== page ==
When The Elder Scrolls Online: Morrowind was announced, it was met with mixed reactions. Regardless of how exciting Morrowind is, the choice to charge outside of ESO+ program put some people off and brought into question how much content is there. Between large locations, new trials and dungeons, there has been a fair amount in the DLC expansions, so a chapter has to be extra special. Considering it takes place in a beloved location, features a new trial, PVP modes and class, there is a lot for fans to consider, but is there value or is it simple padding?
The Elder Scrolls Online: Morrowind takes place in Vvardenfell, a city filled with various problems to solve. This all starts with the main story, a brief adventure about stopping a cataclysmic event. After finishing the story, which unlike Thieves Guild and The Dark Brotherhood doesn’t require skill set progress to finish, you’re left with a number of places to explore and people to help.
The remaining 30 or so quests are the standard MMO fare. Help a city, free some slaves, find shady meetings, assonate someone and so forth. Some of them have some enjoyable elements, like one of them has an enjoyable love story, but outside of that they don’t reinvent the wheel.
Having said that, Morrowind adds plenty of other, more exciting, things. For starters, the town of Vvardenfell adds six new world bosses, two public dungeons and several delves to explore. The new world bosses are a mixture of simple and group. Some of them are your standard damage sponge enemy with a weird name, where as others require teamwork to overcome. However, none of them are mechanic heavy or complicated outside of working together to stay alive, an element that suits world bosses.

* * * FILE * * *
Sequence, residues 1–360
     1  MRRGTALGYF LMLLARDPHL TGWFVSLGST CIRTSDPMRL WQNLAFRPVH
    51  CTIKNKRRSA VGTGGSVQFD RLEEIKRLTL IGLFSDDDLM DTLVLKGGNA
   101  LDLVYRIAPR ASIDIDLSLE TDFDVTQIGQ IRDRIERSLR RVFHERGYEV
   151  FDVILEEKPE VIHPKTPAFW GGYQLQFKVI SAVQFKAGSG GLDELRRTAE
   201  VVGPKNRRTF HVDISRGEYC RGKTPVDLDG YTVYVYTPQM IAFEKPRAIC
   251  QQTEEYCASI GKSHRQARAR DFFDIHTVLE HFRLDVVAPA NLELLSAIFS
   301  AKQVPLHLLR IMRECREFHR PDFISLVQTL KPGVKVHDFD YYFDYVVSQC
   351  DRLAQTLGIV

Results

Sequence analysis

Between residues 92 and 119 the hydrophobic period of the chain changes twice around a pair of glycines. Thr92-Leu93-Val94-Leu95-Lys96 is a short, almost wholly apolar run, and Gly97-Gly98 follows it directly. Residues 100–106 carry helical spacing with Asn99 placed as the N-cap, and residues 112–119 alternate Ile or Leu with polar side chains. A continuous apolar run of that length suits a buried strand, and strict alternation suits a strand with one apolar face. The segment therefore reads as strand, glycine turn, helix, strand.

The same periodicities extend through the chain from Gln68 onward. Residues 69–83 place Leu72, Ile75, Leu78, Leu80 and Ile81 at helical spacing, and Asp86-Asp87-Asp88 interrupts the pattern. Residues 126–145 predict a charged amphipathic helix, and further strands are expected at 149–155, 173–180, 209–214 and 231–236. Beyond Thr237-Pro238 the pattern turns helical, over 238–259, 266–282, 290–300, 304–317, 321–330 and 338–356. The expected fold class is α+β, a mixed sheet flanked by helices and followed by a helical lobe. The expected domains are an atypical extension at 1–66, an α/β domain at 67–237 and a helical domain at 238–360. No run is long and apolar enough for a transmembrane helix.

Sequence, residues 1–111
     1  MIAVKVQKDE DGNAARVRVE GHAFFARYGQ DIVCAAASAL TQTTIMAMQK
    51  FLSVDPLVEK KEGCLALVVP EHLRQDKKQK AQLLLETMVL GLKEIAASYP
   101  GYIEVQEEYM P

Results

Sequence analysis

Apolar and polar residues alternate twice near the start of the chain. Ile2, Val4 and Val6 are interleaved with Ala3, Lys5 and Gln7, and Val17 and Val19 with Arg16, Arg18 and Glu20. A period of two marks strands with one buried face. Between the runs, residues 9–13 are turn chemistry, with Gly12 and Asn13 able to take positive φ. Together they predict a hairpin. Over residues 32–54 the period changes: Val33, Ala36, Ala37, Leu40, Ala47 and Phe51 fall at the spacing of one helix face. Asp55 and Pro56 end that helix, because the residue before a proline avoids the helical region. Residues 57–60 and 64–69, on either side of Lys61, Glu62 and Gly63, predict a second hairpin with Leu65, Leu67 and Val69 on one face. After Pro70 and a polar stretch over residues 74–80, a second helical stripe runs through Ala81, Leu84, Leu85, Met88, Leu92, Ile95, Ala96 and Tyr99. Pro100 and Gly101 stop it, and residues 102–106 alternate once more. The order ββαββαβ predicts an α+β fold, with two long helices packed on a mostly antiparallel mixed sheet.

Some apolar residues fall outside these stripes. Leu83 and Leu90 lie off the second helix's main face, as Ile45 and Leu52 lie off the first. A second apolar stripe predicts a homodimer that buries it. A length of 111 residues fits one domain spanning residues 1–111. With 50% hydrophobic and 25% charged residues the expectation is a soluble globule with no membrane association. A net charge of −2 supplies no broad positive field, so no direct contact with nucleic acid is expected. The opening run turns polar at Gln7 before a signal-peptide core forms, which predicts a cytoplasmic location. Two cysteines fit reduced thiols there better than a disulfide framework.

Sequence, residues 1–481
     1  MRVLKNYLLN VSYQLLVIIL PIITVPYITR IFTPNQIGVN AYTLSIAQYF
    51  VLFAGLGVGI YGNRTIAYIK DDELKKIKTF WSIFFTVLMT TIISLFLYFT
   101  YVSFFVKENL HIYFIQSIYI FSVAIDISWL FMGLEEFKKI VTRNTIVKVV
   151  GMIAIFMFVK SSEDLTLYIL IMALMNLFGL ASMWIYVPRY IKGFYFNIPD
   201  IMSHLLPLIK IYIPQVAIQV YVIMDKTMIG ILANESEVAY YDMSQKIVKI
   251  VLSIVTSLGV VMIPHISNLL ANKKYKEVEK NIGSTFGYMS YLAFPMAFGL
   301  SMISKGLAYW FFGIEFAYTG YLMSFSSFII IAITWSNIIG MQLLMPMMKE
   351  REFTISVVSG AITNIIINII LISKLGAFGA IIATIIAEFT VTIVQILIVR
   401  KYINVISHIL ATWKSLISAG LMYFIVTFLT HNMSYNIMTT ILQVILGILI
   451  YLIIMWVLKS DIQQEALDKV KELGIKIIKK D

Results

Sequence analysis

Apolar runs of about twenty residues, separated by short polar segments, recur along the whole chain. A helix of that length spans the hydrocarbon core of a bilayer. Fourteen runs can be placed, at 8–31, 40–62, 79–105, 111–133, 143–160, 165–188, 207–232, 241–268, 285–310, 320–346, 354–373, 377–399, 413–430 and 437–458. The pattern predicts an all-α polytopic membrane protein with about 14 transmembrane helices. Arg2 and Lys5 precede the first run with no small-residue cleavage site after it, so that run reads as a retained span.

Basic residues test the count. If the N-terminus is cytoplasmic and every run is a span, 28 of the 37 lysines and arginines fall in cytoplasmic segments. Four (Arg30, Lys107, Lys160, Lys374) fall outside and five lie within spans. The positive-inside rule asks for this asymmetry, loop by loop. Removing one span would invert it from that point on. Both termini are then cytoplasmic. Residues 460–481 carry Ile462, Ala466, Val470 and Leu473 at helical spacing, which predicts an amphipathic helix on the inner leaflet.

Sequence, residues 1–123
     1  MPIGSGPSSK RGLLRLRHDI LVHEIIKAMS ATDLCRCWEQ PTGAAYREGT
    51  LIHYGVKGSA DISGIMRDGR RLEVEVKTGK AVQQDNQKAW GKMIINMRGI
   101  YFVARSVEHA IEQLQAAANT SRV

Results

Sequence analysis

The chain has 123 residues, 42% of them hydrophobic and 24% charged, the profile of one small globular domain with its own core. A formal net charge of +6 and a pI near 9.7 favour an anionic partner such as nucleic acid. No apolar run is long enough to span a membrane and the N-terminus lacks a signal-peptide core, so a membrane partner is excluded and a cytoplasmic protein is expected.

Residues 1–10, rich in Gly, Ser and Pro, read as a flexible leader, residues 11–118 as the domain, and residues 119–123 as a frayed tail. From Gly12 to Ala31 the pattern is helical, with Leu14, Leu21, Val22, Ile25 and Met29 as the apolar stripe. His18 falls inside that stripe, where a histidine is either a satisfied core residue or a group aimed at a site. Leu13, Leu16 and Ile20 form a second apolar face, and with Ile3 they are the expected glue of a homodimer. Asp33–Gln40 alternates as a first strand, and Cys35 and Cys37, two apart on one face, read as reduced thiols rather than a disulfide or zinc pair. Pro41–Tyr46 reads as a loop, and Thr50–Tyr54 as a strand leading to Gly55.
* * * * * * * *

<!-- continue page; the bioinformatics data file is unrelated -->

As for the dungeons and delves, they’re what you’d expect based off previous expansions and experiences. There are a couple of bosses and a public event, work together to defeat them and get some awesome new loot. Even if they don’t do anything particularly special, they’re still fun to explore, experience and complete.
For many, the biggest change is the introduction of the Warden class. This class uses pretty summons and synergies to defeat enemies or heal allies. While I doubt Warden’s will replace Templar’s as the go to healing class, they make for a welcomed change of pace. The same goes for their DPS skills. Contrary to the older, simpler and more traditional attacks, Warden’s use summoned animals to deal damage. It’s more exciting than other classes, with plenty of new benefits. Hard to say where they will land in terms of ranking, but they look to be a strong class in the right hands.
As for PVP fans, Morrowind adds a new mode called Battlegrounds. Three teams of up to four players compete in a variety of games to come out victorious. Games include capture the flag, team deathmatch and domination. These can be fun with the right team, but similar to dungeons, activity finder is not always your friend.